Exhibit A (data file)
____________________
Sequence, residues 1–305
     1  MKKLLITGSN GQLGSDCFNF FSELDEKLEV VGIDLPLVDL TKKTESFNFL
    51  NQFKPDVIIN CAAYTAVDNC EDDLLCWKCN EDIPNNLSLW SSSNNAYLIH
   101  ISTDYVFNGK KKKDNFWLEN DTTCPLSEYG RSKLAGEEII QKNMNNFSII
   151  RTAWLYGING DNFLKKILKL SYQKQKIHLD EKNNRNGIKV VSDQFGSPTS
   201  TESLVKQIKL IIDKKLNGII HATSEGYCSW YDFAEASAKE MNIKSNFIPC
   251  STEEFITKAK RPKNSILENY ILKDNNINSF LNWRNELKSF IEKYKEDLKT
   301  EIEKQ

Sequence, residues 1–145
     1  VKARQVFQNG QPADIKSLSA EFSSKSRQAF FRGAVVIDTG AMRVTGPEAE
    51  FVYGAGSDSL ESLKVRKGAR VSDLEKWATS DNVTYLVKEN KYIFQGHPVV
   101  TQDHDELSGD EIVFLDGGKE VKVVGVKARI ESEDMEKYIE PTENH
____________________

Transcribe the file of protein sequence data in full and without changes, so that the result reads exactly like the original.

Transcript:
Sequence, residues 1–305
     1  MKKLLITGSN GQLGSDCFNF FSELDEKLEV VGIDLPLVDL TKKTESFNFL
    51  NQFKPDVIIN CAAYTAVDNC EDDLLCWKCN EDIPNNLSLW SSSNNAYLIH
   101  ISTDYVFNGK KKKDNFWLEN DTTCPLSEYG RSKLAGEEII QKNMNNFSII
   151  RTAWLYGING DNFLKKILKL SYQKQKIHLD EKNNRNGIKV VSDQFGSPTS
   201  TESLVKQIKL IIDKKLNGII HATSEGYCSW YDFAEASAKE MNIKSNFIPC
   251  STEEFITKAK RPKNSILENY ILKDNNINSF LNWRNELKSF IEKYKEDLKT
   301  EIEKQ

Sequence, residues 1–145
     1  VKARQVFQNG QPADIKSLSA EFSSKSRQAF FRGAVVIDTG AMRVTGPEAE
    51  FVYGAGSDSL ESLKVRKGAR VSDLEKWATS DNVTYLVKEN KYIFQGHPVV
   101  TQDHDELSGD EIVFLDGGKE VKVVGVKARI ESEDMEKYIE PTENH